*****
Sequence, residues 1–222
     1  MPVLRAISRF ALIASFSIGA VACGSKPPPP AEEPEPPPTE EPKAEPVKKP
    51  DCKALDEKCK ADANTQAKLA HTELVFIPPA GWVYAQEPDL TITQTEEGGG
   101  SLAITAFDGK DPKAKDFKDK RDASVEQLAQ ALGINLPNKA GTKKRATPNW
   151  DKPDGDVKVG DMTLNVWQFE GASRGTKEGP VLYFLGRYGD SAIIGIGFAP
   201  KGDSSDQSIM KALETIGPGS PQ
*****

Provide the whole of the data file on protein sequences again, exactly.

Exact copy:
Sequence, residues 1–222
     1  MPVLRAISRF ALIASFSIGA VACGSKPPPP AEEPEPPPTE EPKAEPVKKP
    51  DCKALDEKCK ADANTQAKLA HTELVFIPPA GWVYAQEPDL TITQTEEGGG
   101  SLAITAFDGK DPKAKDFKDK RDASVEQLAQ ALGINLPNKA GTKKRATPNW
   151  DKPDGDVKVG DMTLNVWQFE GASRGTKEGP VLYFLGRYGD SAIIGIGFAP
   201  KGDSSDQSIM KALETIGPGS PQ